A scene from AMONG THOSE PRESENT, directed by Fred C. Newmeyer for Pathé Exchange.

Among Those Present (1921, Fred C. Newmeyer)

Newmeyer takes Harold Lloyd to a country house in Among Those Present and sets him loose in front of a bunch of snobs. Lloyd plays a variation of his regular character, but this time with additions. For much of the short, he’s posing as a British lord, which showcases Lloyd’s acting ability.

The short has already established him as the likable Lloyd standard, so seeing him be an English snob is a lot of fun. The persona melts, of course, when he meets Mildred Davis. But Lloyd’s coat check boy proves to be quite an acceptable suitor, regardless of society status.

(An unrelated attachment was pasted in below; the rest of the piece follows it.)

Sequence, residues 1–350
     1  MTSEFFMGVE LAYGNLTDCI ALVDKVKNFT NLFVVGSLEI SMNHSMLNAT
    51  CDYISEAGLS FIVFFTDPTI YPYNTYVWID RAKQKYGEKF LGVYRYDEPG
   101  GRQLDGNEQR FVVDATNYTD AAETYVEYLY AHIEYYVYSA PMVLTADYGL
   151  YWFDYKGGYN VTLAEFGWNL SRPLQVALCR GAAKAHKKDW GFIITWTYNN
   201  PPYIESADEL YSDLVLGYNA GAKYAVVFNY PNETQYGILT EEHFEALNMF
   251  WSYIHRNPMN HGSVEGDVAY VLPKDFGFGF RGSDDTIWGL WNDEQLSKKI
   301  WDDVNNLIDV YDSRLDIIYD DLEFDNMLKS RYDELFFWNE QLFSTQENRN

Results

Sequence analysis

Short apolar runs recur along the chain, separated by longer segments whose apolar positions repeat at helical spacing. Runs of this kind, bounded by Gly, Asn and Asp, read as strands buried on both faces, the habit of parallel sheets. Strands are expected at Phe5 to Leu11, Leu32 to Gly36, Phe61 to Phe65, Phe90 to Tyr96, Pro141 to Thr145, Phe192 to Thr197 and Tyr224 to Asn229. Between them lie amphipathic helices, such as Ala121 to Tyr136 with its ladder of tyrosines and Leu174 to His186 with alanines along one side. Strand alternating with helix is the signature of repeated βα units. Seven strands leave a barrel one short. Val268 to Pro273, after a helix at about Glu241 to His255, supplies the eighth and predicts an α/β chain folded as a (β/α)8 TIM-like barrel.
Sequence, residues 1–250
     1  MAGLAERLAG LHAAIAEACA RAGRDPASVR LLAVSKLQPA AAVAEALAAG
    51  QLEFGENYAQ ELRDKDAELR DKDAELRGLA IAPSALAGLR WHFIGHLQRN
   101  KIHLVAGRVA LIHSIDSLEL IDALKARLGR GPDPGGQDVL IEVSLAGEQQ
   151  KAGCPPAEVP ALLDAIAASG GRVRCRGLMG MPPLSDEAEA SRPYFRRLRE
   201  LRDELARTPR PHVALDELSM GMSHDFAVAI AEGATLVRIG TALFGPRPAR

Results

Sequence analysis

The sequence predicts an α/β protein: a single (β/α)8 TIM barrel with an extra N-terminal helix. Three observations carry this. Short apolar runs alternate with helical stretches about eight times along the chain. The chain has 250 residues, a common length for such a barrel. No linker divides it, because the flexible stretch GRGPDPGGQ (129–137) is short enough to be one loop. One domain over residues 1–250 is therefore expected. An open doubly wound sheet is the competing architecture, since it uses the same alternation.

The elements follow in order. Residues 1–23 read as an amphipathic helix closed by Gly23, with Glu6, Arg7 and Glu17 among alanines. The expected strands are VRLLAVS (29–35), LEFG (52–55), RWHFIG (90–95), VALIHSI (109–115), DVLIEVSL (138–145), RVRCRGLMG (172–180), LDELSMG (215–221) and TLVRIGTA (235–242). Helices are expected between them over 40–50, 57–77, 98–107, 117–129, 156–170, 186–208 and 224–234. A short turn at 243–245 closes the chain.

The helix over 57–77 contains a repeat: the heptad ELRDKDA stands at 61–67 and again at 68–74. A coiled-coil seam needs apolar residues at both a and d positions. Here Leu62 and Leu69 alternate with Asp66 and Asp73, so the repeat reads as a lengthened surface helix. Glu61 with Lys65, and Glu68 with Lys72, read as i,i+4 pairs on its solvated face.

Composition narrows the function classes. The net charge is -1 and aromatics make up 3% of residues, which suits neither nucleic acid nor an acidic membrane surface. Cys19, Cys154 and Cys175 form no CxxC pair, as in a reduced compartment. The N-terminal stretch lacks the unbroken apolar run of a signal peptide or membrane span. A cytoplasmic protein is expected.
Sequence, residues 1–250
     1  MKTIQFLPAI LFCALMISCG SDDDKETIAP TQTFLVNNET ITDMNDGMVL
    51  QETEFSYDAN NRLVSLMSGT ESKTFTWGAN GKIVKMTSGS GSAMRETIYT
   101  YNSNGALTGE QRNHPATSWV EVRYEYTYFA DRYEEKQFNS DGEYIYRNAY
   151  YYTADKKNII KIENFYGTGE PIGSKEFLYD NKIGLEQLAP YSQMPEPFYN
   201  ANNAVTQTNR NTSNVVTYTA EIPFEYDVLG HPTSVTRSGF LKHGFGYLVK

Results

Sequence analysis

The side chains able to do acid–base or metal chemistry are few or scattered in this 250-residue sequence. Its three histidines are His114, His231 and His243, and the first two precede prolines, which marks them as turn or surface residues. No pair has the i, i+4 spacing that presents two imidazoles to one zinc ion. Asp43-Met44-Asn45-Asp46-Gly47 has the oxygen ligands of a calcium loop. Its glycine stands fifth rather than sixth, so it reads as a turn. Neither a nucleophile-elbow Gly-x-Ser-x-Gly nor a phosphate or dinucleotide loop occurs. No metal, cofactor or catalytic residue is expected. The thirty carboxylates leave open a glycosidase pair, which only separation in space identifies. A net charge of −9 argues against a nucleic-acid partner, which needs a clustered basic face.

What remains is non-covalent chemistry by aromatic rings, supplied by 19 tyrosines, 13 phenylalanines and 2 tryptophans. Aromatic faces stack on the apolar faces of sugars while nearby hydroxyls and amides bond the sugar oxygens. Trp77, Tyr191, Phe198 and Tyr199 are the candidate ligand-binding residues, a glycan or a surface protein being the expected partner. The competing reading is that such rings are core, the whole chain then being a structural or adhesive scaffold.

Among Those Present has three distinct periods, with the second being Lloyd’s impersonating in society and the final one being him on a fox hunt. Things do not go well on the hunt.

The short has many good laughs, but the plot structure and acting really set it apart.

2/3Recommended

CREDITS

Directed by Fred C. Newmeyer; written by Hal Roach and Sam Taylor; director of photography, Walter Lundin; edited by Thomas J. Crizer; produced by Roach; released by Pathé Exchange.

Starring Harold Lloyd (O’Reilly, The Boy), Mildred Davis (Miss O’Brien, The Girl), James T. Kelley (Mr. O’Brien, the Father), Aggie Herring (Mrs. O’Brien, the Mother), Vera White (Society Pilot) and William Gillespie (Hard-Boiled Party).

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